It's become cheaper and easier to invest in the stock market during the past 10 years—and the explosion of exchange-traded funds deserves some credit.
The amount of money invested in exchange-traded funds (or ETFs, for short) has quintupled in the past decade, from just over $1 trillion to more than $5 trillion globally as of June, according to research firm ETFGI. And ETFs listed on U.S. exchanges just crossed the $4 trillion mark in July, according to figures from ETF.com.
Why have ETFs become so popular? Because they're a low cost, tax efficient way to easily invest in the stock market. Here's what you need to know.
An ETF is an array of investments like stocks, bonds, and commodities, or even a combination of these assets. ETFs typically track an underlying index, such as the S&P 500, and are traded on stock exchanges like individual stocks.
ETFs make it easy to quickly buy a collection of assets, which provides diversification without the hassle of buying each individual security. For example, you can currently buy one share of an ETF that tracks the S&P 500 for about $300 (or less). That means you can invest in the performance of these 500 companies without buying each stock individually.
ETF providers set up a fund to track the performance of a particular index and buy the underlying assets. In turn, the provider sells shares in that fund to investors. When you buy an ETF, you own a portion of that fund—but not the underlying assets.
The three largest ETF providers in the U.S. are BlackRock (it manages ETFs with iShares in the name), State Street (its products are labeled as SPDR), and Vanguard.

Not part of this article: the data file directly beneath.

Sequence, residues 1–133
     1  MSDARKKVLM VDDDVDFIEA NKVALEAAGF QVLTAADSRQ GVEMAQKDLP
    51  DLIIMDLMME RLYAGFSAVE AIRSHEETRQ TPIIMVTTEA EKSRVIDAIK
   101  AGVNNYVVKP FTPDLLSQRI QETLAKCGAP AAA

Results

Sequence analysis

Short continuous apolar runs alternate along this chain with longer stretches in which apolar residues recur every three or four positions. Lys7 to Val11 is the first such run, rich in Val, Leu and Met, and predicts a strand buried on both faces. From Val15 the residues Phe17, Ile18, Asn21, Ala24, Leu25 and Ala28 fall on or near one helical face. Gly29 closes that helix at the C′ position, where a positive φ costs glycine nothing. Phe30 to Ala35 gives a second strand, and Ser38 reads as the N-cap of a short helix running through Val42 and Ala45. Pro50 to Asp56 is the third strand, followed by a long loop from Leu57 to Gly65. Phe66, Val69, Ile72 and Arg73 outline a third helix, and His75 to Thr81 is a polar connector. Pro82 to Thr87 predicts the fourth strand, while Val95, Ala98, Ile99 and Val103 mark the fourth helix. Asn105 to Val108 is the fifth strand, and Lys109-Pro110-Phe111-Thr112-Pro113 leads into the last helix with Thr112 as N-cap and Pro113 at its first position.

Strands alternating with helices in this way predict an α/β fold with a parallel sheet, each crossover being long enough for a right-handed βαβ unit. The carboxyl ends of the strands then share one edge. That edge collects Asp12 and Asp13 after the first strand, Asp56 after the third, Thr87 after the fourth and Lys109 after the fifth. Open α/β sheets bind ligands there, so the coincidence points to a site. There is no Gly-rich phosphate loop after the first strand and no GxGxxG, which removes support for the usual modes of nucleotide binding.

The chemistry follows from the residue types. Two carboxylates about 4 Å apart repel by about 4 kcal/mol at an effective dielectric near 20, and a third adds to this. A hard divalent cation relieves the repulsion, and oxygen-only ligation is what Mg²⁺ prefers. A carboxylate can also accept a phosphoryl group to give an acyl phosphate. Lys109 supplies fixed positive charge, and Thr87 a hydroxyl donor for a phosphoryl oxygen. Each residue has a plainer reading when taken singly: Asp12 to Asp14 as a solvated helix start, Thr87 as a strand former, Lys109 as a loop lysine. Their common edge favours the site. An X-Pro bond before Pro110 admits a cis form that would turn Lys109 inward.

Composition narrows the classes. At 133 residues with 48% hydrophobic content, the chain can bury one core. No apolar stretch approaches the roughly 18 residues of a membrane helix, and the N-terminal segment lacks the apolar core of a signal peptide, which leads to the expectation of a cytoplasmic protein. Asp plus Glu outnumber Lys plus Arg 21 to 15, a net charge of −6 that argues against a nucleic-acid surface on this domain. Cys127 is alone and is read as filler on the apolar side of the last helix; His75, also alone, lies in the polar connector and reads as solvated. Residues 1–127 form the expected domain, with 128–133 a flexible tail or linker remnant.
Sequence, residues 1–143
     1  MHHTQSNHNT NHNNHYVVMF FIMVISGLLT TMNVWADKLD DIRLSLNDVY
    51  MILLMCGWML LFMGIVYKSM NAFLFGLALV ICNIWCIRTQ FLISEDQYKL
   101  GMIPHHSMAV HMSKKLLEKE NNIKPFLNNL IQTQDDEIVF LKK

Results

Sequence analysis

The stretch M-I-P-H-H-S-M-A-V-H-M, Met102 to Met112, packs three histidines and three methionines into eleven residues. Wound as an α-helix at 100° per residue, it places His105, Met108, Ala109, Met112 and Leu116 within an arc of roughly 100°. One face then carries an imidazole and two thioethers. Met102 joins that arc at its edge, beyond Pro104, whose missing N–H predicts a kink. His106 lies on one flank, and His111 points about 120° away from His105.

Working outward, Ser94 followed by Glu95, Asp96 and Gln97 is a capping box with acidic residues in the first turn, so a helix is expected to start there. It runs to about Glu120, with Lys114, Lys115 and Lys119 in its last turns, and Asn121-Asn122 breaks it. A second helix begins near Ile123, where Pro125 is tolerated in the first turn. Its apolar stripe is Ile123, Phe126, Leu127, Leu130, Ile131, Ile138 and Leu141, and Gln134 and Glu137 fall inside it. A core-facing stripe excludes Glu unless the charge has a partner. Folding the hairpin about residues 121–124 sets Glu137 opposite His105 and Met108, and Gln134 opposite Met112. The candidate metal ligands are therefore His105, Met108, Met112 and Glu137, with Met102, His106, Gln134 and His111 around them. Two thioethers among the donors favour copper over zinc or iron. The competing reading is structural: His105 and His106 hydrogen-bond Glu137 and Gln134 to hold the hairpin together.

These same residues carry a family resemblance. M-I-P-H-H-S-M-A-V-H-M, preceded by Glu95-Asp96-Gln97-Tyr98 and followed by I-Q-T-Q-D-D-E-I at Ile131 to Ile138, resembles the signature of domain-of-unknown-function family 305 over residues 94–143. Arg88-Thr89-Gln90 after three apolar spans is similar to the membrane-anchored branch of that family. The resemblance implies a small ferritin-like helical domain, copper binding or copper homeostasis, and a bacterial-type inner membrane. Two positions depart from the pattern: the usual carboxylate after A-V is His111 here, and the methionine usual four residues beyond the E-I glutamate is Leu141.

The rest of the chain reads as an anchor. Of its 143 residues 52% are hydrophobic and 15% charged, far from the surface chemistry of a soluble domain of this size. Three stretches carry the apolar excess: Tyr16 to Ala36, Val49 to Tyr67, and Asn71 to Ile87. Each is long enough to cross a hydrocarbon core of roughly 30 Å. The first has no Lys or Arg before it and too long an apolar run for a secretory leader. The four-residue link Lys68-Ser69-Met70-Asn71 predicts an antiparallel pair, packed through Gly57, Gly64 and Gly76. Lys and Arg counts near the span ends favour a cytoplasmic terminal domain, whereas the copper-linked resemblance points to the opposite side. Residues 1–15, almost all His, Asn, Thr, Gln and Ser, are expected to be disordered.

ETFs have grown in popularity largely because they have three attractive qualities: They're low-cost, they offer tax efficiency, and they can be easily bought and sold. These funds have also become an alternative to mutual funds because ETFs don't require a minimum amount for investment.
Annual administrative costs, what's known as an expense ratio, are much lower for ETFs than mutual funds—0.2% versus 0.55%, according to figures from the Investment Company Institute. That comes out to paying $2 instead of $5.50, for every $1,000 invested.
Because most ETFs track an index, there's less turnover in the stocks or other assets contained in these funds. That's an advantage because any time a fund provider (ETF or mutual fund) sells an asset that has appreciated in value, it will incur capital gains—and investors are on the hook to pay taxes on those gains.
Finally, ETFs are as easy to buy and sell as an individual stock because they trade on exchanges. That's different from mutual funds, which can only be traded at the end of the day.
There are more than 2,000 different ETFs listed on U.S. exchanges—and they track everything from broad market indexes like the S&P 500 to specialized themes like the spending preferences of millennials. You can buy ETFs that track a specific industry, like technology, or one that follows top stocks in a particular country, like Japan.
That variety gives investors a lot of choice when investing in ETFs, which can be good or bad. Very niche ETFs don't provide the same type of diversification as ones tracking broader indexes, and they often charge higher-than-average fees—and they could risk closing if they don't attract sufficient investment. More than 150 ETFs closed in 2018, a record for the industry, according to ETF.com.
ETFs will have the same risks as the underlying investments they contain. That's why experts typically recommend index funds or other diversified securities make up the bulk of your portfolio—and your ETFs.
More from Grow: